Last edited 20 Jul 2017

Standard hatching styles for drawings

Hatching styles are patterns used on drawings to act as symbols for the easy identification, rapid identification and location of different types of commonly-used materials, objects and spaces.

Hatching patterns chosen for a particular element must be used consistently throughout a set of drawings, although in large areas it is not always necessary to hatch the whole area.

Historically, architects would draw hatches by hand, but the development of transfers, and then drawing software has enabled considerable time to be saved on what would be a very repetitive and time consuming task. Today, hatch commands can be used to fill a selected area with a standard hatching patter almost instantly. For example, a bathroom can be tile-filled by selecting the relevant hatching style to indicate tiles, and applying it to the tiled area of the drawing. The use of parametric software allows common attributes to be attached to a number of similar elements, so that, for example, all tiled areas in a building can be hatched in one command, and changes can be applied throughout.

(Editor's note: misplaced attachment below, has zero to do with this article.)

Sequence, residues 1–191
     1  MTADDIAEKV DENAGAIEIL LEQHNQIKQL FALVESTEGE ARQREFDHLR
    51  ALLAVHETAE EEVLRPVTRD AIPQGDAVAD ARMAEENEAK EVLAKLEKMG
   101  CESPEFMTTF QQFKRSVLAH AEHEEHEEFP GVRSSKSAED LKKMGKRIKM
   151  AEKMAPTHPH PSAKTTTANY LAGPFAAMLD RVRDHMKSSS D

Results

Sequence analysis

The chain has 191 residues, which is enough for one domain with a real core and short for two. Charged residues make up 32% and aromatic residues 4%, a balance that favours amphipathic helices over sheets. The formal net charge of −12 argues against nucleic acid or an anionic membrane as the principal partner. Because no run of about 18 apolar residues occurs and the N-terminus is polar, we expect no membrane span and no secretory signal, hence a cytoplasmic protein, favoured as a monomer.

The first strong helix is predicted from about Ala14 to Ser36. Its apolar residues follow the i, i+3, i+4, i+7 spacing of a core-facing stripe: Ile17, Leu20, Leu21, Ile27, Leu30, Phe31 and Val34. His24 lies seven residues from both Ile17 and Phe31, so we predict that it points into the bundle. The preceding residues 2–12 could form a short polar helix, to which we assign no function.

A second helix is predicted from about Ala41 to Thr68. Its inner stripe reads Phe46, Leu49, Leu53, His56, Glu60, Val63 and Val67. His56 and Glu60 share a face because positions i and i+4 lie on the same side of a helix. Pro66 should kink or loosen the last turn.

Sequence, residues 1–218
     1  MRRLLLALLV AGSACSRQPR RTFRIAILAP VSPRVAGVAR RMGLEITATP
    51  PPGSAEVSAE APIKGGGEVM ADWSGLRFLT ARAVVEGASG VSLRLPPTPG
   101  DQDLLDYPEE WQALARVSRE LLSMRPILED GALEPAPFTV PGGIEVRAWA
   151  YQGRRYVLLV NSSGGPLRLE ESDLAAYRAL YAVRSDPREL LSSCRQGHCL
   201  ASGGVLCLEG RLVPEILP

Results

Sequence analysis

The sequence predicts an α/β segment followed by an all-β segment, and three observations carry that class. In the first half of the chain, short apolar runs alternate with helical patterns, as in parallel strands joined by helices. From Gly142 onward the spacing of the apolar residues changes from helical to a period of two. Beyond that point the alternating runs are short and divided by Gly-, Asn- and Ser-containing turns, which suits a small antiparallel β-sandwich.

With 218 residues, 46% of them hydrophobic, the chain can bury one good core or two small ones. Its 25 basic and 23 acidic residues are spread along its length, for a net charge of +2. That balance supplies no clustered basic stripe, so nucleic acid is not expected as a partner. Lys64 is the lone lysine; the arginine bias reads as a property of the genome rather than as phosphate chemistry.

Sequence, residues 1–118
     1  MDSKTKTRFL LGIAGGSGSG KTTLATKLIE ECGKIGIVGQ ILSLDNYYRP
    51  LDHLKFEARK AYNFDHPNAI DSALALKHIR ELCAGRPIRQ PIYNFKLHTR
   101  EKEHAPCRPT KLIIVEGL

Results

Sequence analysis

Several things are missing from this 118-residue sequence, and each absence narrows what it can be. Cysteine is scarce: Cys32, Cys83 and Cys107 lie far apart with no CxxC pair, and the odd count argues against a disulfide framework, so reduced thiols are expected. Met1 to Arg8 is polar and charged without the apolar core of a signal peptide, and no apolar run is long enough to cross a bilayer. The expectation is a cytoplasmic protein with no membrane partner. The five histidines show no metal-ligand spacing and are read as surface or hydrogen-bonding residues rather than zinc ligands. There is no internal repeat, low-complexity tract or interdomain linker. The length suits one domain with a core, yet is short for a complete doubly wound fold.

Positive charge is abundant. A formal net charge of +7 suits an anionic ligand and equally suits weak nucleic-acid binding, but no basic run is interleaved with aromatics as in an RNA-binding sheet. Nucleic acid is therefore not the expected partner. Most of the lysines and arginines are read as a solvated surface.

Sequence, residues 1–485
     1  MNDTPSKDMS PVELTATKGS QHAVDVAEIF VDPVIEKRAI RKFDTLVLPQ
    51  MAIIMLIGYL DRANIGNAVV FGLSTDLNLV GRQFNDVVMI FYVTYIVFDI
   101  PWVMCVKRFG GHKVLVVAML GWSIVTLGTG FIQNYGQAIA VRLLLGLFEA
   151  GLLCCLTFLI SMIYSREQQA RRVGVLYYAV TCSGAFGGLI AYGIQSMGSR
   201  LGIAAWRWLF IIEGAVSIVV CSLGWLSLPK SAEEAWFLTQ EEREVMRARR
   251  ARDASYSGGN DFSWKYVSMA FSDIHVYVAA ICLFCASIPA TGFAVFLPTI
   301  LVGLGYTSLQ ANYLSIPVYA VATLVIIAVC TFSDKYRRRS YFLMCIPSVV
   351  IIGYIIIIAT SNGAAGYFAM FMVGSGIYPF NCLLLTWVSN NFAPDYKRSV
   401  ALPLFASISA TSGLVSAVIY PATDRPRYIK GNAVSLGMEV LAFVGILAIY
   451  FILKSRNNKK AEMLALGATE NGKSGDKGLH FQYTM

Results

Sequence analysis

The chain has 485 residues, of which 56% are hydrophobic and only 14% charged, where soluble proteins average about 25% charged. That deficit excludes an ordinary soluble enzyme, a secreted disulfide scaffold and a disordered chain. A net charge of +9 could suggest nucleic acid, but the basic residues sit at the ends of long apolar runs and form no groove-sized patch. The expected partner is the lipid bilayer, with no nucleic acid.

Some of the most common hatching styles include:

Hatchingaggregate.jpg Aggregate
Hatchingblockwall.jpg Blockwork wall
Hatchingblockwork.jpg Blockwork
Hatchingbrickwork.jpg Brickwork
Hatchingenglishbond.jpg English bond wall
Hatchinggardenbond.jpg Garden bond wall
Insulation hatching pattern.jpg Insulation
Hatchingconcrete.jpg Concrete
Hatchingfinewood.jpg Finewood
Hatchinghardwood.jpg Hardwood
Hatchingplywood.jpg Plywood
Hatchingglass.jpg Glass
Hatchinggravel.jpg Gravel
Hatchinghardcore.jpg Hardcore
Hatchingpaving.jpg Paving
Hatchingrubble.jpg Rubble
Hatchingsand.jpg Sand
Hatchingstones.jpg Stones
Hatchingshingle.jpg Shingles
Hatchingtile.jpg Roofing tiles
Hatchingtiles.jpg Floor tiles


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